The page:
Zynga's turnaround comes to an end and moves into growth mode - The Average Joe


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    Zynga’s turnaround comes to an end and moves into growth mode


    February 16, 2021

    Everyone loves a comeback story — this one’s about Zynga, the mobile game creator.

    On Feb. 10, Zynga reported its fourth-quarter earnings report:

    • $616m in sales up 61% from the previous year
    • 36m average daily mobile users, growth of 77% from the previous year

    The era of mobile gaming

    Mobile gaming grew to an $85b industry in 2020 — making up 51% of the total $165b gaming market. Hyper-casual games — those that are easy to understand (i.e. Flappy Bird) — have grown the fastest of any mobile gaming categories. It’s not just consumers that love these apps, game developers do as well for good reasons:

    • Easy and cheap to develop as these games typically only take a handful of people to make in a shorter period of time.
    • Easy to monetize by making them free and filling them with ads.

    One company is looking to build an empire with mobile games… Zynga, the creator of FarmVille, went public in 2011 with an overly hyped IPO, only to struggle the next 5 years with declining sales.

    In 2016, Frank Gibeau, a veteran gaming executive from Electronic Arts, was brought in as the new CEO to turn around the company — Zynga’s stock is up 410% since.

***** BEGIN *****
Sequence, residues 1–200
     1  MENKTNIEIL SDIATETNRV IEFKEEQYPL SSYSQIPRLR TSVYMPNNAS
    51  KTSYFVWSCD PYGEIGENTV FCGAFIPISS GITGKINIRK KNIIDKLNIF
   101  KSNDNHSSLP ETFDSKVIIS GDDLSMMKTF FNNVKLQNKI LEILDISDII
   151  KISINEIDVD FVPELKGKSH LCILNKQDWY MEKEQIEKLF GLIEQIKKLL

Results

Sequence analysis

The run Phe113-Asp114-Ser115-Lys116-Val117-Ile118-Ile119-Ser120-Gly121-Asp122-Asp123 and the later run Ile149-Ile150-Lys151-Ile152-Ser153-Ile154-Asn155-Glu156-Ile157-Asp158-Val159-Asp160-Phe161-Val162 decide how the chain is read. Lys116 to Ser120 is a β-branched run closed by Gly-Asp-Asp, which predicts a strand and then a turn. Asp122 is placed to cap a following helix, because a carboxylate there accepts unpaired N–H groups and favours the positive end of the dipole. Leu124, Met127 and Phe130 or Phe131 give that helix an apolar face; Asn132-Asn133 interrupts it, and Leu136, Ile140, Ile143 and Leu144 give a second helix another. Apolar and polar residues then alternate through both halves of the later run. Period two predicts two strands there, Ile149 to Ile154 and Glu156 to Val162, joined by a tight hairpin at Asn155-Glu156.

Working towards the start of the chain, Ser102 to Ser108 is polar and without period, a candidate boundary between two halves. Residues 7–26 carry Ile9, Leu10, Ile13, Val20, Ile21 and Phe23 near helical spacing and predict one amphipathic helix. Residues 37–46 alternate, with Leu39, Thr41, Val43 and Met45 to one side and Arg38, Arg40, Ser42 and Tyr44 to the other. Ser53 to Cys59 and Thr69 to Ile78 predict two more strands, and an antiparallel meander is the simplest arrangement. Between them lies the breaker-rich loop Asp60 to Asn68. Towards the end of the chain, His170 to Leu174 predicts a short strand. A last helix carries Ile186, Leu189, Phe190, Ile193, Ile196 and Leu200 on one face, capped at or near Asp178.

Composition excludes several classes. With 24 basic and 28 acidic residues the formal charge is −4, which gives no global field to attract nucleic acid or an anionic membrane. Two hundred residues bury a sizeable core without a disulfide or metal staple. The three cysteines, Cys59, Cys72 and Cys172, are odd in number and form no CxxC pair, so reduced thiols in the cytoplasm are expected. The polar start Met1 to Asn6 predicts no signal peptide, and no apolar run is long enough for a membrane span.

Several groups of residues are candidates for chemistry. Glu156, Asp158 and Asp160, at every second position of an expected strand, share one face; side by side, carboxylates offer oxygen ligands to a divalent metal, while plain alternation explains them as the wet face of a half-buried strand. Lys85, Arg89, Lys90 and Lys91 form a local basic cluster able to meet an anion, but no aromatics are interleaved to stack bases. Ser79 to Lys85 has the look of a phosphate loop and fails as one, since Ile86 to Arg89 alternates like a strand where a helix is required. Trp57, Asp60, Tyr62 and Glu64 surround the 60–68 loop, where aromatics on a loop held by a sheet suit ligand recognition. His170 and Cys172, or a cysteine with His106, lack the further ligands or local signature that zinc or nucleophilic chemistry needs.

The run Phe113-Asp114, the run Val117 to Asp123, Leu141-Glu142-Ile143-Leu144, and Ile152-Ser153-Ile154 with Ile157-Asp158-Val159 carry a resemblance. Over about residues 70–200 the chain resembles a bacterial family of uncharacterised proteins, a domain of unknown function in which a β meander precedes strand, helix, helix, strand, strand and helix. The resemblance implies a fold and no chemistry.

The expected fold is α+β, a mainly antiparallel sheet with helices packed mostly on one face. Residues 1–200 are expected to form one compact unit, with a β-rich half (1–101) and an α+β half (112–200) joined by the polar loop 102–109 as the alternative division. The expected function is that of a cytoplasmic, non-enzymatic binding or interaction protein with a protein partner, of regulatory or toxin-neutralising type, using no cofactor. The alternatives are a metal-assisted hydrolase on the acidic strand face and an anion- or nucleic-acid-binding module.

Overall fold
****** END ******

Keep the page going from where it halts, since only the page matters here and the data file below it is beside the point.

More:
• Before turnaround: losing hundreds of millions of dollars with flat/declining sales growth.
    • After turnaround: becoming profitable in 2019 with growth of 45% and 49% in the past 2 years.

    From turnaround mode to growth mode

    For the first time in a decade, Zynga is back in growth mode. The new strategy — acquire game studios and build a portfolio of “forever franchise” of games that can be played for 5+ years and generate over $100m/year in sales.

    In the past 4 years, Zynga spent over $3.1b acquiring 8 different game studios. As part of the Zynga brand, each studio can focus on developing hit games while relying on Zynga’s expertise to acquire and monetize users.

    Here’s what Gibeau has his sights on…

    • Expanding games cross-platform where users can play games across multiple devices — which could expand Zynga’s potential market size.
    • Acquire other game companies with its $1.3b in cash — a move that will grow its sales and expand its roster of games.

    For investors… The only way to stay relevant

    Mobile gaming is a “hits” based industry and the success of new games is critical to growing revenue. Large organizations have been notoriously bad at innovation but the “new” Zynga has taken a different approach — acquiring studios and increasing its chances of developing potential hits.

    But if Zynga fails to continue producing hit games, it could revert back to the Zynga in its early days — a struggling business.

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